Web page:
“When I got to Baltimore I put on some weight because of the run game, but I was able to maintain my speed,” Hurst told The Atlanta Journal-Constitution on Monday. “I played last year at 265 and that’s where I’m at right now. I think that’s a pretty good playing weight for me to handle the run game and I kept my speed as well.”
The speed part is what makes Hurst an intriguing replacement for Hooper. The Falcons were considering Hurst in the 2018 draft, but the Ravens selected him one position in front of Calvin Ridley.
Hooper made two trips to the Pro Bowl as an alternate, working mostly underneath the routes of wide receivers Julio Jones and Calvin Ridley. Hooper ran a lot of crossing routes and found holes in zones.
If they get the right matchup, the Falcons can shoot Hurst up the seam of zones on deeper routes.
“It’s going to be a perfect fit,” Hurst said. “(Offensive coordinator Dirk) Koetter’s pass-heavy offense is going to suit me well. It’s going to allow me to do some things that I personally do well (like) stretch the field vertically and hopefully create some mismatches for the other guys, Julio and Calvin. I saw where they’ve picked up Laquon Treadwell as well. It’s a pretty potent offense. I’m just excited to be a part of it.”
In the trade, the Falcons received the Ravens' fourth-round pick in the 2020 NFL draft, but gave up their second-round (55th) and a fifth-round pick in this year's draft to get Hurst. With Hooper set to join the Browns in free agency and the release of tight end Luke Stocker, the Falcons were getting thin at the position.
Jaeden Graham and Carson Meier were the only tight ends on the roster before the Hurst trade.
Hurst’s career has gotten off to a slow start. He played in 28 games and made only four starts for the Ravens, in which time he caught 43 of 62 passes targeted for 512 yards and three touchdowns.
“My first year was tough with the whole stress fracture in my foot,” Hurst said. “I missed four games, but I felt like I was competing at a high level before (the injury). I finished my first season pretty well.
“I came back the next year, and the way that (Ravens offensive coordinator) Greg Roman utilizes the tight ends in Baltimore is pretty unique to any situation. I think with me, Nick Boyle and Mark Andrews, we had quite the rotation at tight end. We all did things really well and complemented each other.”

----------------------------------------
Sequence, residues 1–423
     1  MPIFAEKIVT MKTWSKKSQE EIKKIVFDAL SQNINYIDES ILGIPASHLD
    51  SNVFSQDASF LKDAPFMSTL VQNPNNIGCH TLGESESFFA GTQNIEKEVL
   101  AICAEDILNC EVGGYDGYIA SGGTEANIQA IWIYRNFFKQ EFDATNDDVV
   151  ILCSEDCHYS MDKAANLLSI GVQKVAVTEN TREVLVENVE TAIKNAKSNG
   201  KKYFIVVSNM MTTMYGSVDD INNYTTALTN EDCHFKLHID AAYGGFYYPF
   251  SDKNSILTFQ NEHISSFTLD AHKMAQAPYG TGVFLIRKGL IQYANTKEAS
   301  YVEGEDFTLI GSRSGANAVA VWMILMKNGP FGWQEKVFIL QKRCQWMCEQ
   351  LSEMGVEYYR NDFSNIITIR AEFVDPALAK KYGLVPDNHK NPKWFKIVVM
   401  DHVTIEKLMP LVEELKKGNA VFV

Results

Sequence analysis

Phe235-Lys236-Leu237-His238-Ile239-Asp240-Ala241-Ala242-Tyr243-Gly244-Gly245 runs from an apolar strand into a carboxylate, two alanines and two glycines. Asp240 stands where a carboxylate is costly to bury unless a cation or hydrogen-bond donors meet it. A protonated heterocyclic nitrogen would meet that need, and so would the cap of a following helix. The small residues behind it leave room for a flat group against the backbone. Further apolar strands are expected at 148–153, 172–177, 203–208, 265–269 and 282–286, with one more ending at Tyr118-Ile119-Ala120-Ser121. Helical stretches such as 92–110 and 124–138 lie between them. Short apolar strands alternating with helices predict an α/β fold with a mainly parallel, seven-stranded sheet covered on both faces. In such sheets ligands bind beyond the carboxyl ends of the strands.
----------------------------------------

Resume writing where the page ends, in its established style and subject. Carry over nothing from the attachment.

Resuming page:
Like most young tight ends, Hurst had to work on his blocking.
“As far as the run game, that’s the thing that really helped me mature as a player,” Hurst said. “He utilized me down the field. I was able to make some plays there at the end of the season to help us win some ballgames.”
Hurst, who has talked openly about his battle with depression and a suicide attempt, is a former baseball player who played three years in the Pittsburgh Pirates' farm system. After that, he was invited to walk-on at South Carolina by Steve Spurrier Jr. After Spurrier Sr. retired/left, Will Muschamp moved Hurst to tight end.
“It was kind of whirlwind once I left the Pirates,” Hurst said. “I came back here to Jacksonville and actually practiced with Bolles, my old high school team. ... The college coaches were coming by looking at the high school kids, and coach Spurrier (Jr.) came down. He watched me practice with them one day and offered me the walk-on spot. The rest is kind of history from there.”
Hurst spoke with Koetter, tight ends coach Ben Steele and coach Dan Quinn.
“Me and coach Koetter talked last week, and he told me about how he used Cameron Brate (in Tampa Bay) and the things he did with Hooper last year,” Hurst said. “It’s exciting to be a tight end in that offense, especially with how Matt (Ryan) throws the ball to the tight ends and utilizes them.”
Steele has provided some playbook materials for Hurst to start working on.
“Coach Quinn reiterated the Brotherhood message, and I think I’m going to fit that well,” Hurst said. “I always have been a team-first guy. Coach Muschamp really instilled that in us at South Carolina.”
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